(Senior Lecturer in Medieval History at Glasgow University) from the
Iron Age upto the Medieval time.
Day 03: morning guided visit of Tenby
medieval town, its harbour, castle, old Tudor House and its
prehistoric cave. Afternoon transfer by ferryboat to the Caldey
Island Cistercian Order's monastery (12th Century), lecture by
Father Peter or Father Douglas on the history of the early
Christendom and Cistercians monasteries in Wales. Evening lecture
from John Sharkey, author of " Celtic Mysteries" (Thames and Hudson,
London ) on the ancient Celtic and medieval pilgrimage
The Celtic cross
represents the ancient symbol of religious culture found throughout
Wales, and prevalent in the older churches and graveyards. The old
pilgrims route via the estuaries Towy and Taf to St Davids. Along
the way Hen Gapel in Llanybri represents one of the oldest religious
sites in the district dating back to Bronze Age when it was a
sacrificial place. Llandeilo Abercowin would have been a stopping
place for pilgrims along the Taf estuary.
The river flows like a lifeblood through the design, important for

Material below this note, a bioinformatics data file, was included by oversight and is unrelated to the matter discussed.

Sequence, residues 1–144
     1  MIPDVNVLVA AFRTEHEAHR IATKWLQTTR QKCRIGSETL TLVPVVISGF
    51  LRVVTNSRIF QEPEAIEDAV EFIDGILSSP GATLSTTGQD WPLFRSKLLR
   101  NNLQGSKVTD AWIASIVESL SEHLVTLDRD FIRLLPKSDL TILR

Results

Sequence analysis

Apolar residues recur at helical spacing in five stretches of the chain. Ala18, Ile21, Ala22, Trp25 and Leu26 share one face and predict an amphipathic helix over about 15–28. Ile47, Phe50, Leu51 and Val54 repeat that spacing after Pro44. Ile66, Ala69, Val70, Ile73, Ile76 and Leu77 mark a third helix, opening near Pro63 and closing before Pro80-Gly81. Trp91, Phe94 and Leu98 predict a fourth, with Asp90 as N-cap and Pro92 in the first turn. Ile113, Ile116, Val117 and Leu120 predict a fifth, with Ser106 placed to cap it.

sustaining life. The fish symbolise Christianity and food. Purple is
used for a royal connection to the throne through Llewelyn Prince of
Wales. The arrows represent the spread of Christianity North, South,
East and West. Embroidered by: Marilyn Riggs and Brenda Rooke
Saint of Wales, St Davids
Day 04: day excursion by mini-bus and visit
the south-eastern part of Wales,
where lies the St. Davids' Peninsula, land of ancient pilgrimage, beauty and
peace. This granite ledge of land jutting into the Atlantic, is an
area of sanctity dotted with Neolithic tombs, Bronze Age stones,
wells of healing and tiny chapels having their roots in the saints
of Celtic Christendom. King Arthur landed on St. Davids'
It is believed that St. David was born to his mother, St. Non not far
from the town of St. Davids. Legend states that St. Non used supported
herself on a nearby stone during the birthing of her son David.
Afterwards, imprints of her fingers remained on the stone.